If customer retention can’t be assured by giving the best darn service on Earth and satisfying customers, and if in some cases the best customers are the ones most-likely to switch, then what options do you have?

I think the answer lies in staying in touch with customers, not just to measure their responses and collect feedback, but to counter competitive threats. That’s where often overlooked marketing tools like newsletters and press releases can play a strategic role in customer retention campaigns.

Also, the best defense being a strong offense, we can turn to copywriter-turned-author Dorothy L. Sayers for some good advice: it pays to advertise
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February 11 2008
Just in time for Valentine’s Day, here’s an interesting story about the complex mathematics of human decision-making, from BBC News Magazine:
Advertising copywriter blog link

I think any attempt to analyze individuals mathematically is doomed to short-lived success, if any. I think groups of people can be analyzed and, to a certain extent, categorized, which is useful for certain aspects of the advertising challenge – determining which media to buy, for instance. But every ad or brochure a person sees is experienced individually. There is mass media, but no mass advertising. That’s the opportunity and the challenge of creating ads.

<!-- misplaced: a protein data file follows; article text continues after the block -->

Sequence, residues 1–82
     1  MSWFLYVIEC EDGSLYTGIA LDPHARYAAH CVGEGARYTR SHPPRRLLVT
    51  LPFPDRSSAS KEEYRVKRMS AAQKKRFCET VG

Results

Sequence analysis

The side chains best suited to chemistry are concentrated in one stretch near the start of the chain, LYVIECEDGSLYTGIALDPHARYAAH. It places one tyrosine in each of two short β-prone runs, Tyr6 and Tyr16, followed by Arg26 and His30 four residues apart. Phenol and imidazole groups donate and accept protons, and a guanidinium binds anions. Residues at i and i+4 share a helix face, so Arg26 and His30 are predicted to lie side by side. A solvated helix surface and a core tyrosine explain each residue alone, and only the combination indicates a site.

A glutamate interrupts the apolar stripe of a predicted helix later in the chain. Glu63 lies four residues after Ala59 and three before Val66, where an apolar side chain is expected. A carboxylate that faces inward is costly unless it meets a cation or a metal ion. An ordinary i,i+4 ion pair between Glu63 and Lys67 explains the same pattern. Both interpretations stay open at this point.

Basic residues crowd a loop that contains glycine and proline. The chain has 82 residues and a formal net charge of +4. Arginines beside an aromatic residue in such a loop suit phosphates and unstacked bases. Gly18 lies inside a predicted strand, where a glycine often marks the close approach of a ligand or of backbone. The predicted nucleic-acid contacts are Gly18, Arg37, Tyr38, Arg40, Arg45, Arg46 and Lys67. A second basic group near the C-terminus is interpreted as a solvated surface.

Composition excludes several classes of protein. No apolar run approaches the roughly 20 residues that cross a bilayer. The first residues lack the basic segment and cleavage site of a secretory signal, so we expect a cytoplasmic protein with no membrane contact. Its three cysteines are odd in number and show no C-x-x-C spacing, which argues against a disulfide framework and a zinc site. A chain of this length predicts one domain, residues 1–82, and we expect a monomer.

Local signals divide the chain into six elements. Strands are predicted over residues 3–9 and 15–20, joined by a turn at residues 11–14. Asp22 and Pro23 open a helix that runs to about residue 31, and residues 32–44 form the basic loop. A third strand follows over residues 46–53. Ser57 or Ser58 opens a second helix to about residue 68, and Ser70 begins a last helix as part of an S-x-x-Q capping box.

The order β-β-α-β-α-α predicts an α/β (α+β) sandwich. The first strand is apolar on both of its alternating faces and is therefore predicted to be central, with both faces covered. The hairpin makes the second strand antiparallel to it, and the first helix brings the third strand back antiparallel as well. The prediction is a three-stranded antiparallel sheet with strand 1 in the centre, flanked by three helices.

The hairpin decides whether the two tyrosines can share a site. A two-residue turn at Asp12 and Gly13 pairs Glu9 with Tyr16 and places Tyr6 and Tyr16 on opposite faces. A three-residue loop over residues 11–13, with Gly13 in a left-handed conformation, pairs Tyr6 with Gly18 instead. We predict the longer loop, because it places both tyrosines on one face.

Real people will not be pushed, filed, stamped, indexed, briefed, debriefed, or numbered (to quote The Prisoner), despite the best efforts of mathematicians and advertisers. They can, however, be persuaded, en masse, one at a time.
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February 8 2008
Mobile advertising faces privacy challenges. Here’s the story, from CRM Daily, part of the NewsFactor Network (Woodland Hills, CA):
Advertising copywriter blog link

I think there are two keys to managing privacy concerns. First is a strategic infrastructure issue: developing and maintaining a robust, flexible, easy-to-use opt-in/opt-out system for consumers that allows here-and-now choices. In other words, make it super-easy for me to find an ATM or lunch deal wherever I am right now, but don’t bother me later with promotional messages. Second is a tactical creative issue: developing and delivering targeted advertising messages of real relevance and value to overcome that here-and-gone option and build a lasting relationship. One approach might be entertainment-oriented content that just happens to be location-specific.